A “Me” generation has emerged in TV. Millions of viewers have an extraordinary sense of entitlement with the thinking: I want it now, I want it easy, I want it everywhere and I want endless choices. It feels like there should be an anthem to capture their intense yearning.
Cable operators get it. It’s in the consumer research. At least, that’s what Cox Communications found prior to launching a product suite and accompanying brand that it hopes will satisfy this feeling of consumer birthright that seems to get stronger and stronger.
Late last year, it launched an easy-to-use recommendation engine seeking to offer viewers an array of programming choices derived from their past behavior. Then, last week, it rolled out an iPad app with access to dozens of channels live in the home, along with a DVR that can record six shows at once and store up to 1,000 hours.
During marketing R&D, the cable operator determined it didn't want the products to stand alone. Rooted in research, Cox senior vice president Joe Rooney said it wanted an overarching message of “imaginative,” “adaptive,” “innovative” and “fun.”
With consultants at Lippincott, the search yielded a sub-brand tabbed Contour, signifying an experience that takes on the shape of a consumer’s preferences. With ad agency Doner came the tagline: “TV Just For Me.”
“Personalized TV experience is really the common ground,” Rooney said.
The Contour technology is impressive. The recommendation machinery --
staged on a program guide -- can be tailored to multiple users or groups. So, suggestions can come for a 49-year-old, sports-loving dad and separately for a cartoon-loving 5-year-old. Or, for various
types of co-viewing, such as a mother and teenage daughter (shows on E! or Bravo might show up) or full family (“American Idol” and “NCIS”?).
The recommendations can include programming airing live, available on-demand or stored on the DVR.
With the iPad app, a top-recommended show automatically begins playing when it’s fired up, while eight other personalized options are shown and accessible with a click.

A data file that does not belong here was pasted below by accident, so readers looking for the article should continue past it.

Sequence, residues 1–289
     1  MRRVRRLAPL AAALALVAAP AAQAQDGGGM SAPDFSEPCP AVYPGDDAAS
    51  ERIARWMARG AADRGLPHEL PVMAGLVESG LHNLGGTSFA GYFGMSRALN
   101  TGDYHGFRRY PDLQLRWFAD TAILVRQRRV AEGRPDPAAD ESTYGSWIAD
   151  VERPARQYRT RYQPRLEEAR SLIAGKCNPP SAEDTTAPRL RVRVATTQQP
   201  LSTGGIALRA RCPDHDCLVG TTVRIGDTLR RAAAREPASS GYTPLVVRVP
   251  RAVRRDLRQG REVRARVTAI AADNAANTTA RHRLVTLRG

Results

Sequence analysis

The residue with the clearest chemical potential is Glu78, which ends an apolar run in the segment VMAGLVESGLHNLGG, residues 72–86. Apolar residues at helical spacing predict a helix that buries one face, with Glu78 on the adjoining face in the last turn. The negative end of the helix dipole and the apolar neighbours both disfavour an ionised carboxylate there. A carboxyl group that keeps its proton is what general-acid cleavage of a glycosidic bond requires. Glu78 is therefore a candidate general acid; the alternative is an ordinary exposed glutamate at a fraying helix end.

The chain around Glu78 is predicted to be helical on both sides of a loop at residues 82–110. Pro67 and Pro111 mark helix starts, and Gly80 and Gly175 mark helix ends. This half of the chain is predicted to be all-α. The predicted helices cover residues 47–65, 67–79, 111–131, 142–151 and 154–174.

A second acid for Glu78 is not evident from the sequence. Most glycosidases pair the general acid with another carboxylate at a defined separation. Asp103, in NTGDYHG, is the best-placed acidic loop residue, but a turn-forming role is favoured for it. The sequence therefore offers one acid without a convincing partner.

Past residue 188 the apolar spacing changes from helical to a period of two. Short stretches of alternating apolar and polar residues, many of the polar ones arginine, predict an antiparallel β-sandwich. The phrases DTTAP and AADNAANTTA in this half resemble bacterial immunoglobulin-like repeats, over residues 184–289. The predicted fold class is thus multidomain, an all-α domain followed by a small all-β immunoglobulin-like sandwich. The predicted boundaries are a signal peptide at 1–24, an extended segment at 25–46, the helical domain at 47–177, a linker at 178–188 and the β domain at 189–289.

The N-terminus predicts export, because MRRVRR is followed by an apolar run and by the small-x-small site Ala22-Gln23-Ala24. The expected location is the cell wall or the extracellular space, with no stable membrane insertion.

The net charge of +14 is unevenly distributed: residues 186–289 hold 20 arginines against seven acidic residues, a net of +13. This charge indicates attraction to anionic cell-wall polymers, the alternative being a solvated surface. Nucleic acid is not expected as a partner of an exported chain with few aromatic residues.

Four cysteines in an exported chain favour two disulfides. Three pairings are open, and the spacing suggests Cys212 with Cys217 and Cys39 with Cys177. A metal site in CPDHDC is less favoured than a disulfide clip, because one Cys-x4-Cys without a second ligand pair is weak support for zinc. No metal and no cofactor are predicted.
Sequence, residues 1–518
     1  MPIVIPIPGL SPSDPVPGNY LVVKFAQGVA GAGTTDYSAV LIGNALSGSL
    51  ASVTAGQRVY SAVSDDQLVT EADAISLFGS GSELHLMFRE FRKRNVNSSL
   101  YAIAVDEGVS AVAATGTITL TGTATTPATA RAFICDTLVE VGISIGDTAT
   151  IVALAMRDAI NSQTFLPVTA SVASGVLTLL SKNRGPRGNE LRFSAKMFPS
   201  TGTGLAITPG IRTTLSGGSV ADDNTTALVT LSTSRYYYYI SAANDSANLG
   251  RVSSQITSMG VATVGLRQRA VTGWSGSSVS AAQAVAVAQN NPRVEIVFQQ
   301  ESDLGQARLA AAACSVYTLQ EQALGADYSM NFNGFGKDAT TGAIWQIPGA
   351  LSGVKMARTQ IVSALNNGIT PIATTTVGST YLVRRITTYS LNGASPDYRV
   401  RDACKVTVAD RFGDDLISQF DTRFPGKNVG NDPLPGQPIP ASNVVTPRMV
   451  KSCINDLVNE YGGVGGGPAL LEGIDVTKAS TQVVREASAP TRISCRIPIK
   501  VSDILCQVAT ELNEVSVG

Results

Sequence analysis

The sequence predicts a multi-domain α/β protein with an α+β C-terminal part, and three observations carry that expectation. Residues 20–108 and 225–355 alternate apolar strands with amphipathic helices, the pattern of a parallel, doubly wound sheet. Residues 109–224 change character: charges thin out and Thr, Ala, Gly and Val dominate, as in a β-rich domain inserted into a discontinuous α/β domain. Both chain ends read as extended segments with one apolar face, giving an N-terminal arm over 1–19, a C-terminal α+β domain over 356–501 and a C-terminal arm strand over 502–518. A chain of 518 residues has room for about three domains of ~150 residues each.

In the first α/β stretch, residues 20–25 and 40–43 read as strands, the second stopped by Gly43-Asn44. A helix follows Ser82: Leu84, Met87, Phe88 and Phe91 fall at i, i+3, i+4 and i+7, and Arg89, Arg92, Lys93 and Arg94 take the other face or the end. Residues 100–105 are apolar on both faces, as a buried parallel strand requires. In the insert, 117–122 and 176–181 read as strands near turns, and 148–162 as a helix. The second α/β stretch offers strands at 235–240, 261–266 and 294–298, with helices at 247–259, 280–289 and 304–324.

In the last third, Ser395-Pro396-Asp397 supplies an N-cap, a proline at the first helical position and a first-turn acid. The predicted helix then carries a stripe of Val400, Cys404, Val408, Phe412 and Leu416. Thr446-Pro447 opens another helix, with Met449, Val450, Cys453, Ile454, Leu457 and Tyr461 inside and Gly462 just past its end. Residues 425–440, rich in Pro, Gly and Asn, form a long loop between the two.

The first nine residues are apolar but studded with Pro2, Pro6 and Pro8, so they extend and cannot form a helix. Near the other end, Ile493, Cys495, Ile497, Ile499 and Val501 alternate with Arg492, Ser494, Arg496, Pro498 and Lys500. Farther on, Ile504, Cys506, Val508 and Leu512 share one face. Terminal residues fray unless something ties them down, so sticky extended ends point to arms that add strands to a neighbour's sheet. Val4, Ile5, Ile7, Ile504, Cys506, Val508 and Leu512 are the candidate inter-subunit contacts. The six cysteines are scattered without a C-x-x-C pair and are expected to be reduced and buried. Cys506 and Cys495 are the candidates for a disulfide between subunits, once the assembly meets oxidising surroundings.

The Contour opportunity to record six shows at once is an industry first and should reduce family competition. Six shows captured simultaneously would seem to offer everyone the chance to grab one in a particular time period and then some.
The iPad app is free to customers with certain packages. The recommendation engine costs about $10 a month and the DVR goes for about $14. They can be ordered individually.
Cox is looking to market the Contour options to its current customer base initially, running a 30-second ad in inventory it controls. Over the next few months, it will look to attract new customers by using local stations in markets it serves. Major ones include Phoenix, San Diego and Las Vegas.
With the tagline “TV Just For Me,” Doner uses a variety of people in the opening spot, with each holding an iPad and expressing excitement over opportunities offered, while demonstrating some capabilities. Actors finish each other’s sentences.
“We wanted it to be sort of a cool exposition of how the product works with an element of real humanity,” said David DeMuth, co-CEO of Doner, which has worked with Cox for over a decade.
More spots are expected later this month. Outside TV, there are plans to use other marketing platforms. Cox is also working with Cisco to roll out set-top-boxes with the Contour brand stamped on them.
That means Contour is shaping up to be around a while.